San Francisco’s Escalating War on the Sharing Economy

As many cities adapt and embrace the sharing economy and concepts like home sharing, other cities, like San Francisco and New York City, insist on stifling it.

Recently, San Francisco imposed new regulations requiring all hosts in the home sharing service, Airbnb, to pay a fee and register with the city.

Those who failed to comply by the January 16 deadline had their listings – nearly 4,500 – eliminated from Airbnb.

As a result, nearly half of San Francisco’s original 11,000 Airbnb listings have been purged from the site.

Sadly, these restrictions on the sharing economy limit opportunities for many young people traveling to the Bay Area.

Home sharing regulations also prevent young Bay Area residents renting their living spaces for extra income from getting ahead.

Paying the Bills

San Francisco consistently ranks as one of the most popular tourist destinations and one of the most expensive cities to live in the country.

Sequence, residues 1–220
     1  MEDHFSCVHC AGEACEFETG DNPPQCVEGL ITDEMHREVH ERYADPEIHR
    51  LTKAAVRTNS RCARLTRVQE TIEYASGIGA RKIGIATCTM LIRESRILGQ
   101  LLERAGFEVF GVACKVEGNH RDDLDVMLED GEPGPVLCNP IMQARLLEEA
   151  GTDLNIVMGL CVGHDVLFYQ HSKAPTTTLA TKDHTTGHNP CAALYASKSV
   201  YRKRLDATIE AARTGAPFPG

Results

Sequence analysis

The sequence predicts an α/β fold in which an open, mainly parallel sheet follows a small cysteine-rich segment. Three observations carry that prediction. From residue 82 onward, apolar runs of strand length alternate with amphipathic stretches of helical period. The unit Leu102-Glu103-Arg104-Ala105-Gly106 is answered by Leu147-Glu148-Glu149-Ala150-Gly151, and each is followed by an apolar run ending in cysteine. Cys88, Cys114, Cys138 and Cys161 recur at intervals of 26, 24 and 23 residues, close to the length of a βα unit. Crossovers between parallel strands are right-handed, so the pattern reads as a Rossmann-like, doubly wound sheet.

Nearly 31 percent of San Francisco millennials, citing cost, opt to live at home with their parents.

A recent study by the Bay Area Council also found a whopping 46 percent of millennials are looking to leave the region, again largely due to cost of living.

While restricting Airbnb’s operations will not magically resolve San Francisco’s housing crisis, it will make things more difficult for young people traveling and living in San Francisco.

Regulating Away Opportunity

By limiting the sharing economy, regulators constrict choices in the marketplace and stifle the entrepreneurial spirit of young Americans.

Home sharing services like Airbnb fill a demand in the market by connecting residents and property owners with consumers looking for a place to stay.

Home sharing also provides an outlet for young people to make extra money and afford the high cost of living in major cities like San Francisco.

By implementing burdensome regulations on home sharing platforms, government regulators limit opportunities for young Americans to create value in their communities and contribute to America’s economic growth.

It’s a shame that cities like San Francisco, a hub for tech entrepreneurs and start-ups, would choose regulation over innovation.

Instead, cities should embrace the sharing economy and work with tech companies to create further economic growth and value for residents and travelers alike.

Author Generation Opportunity

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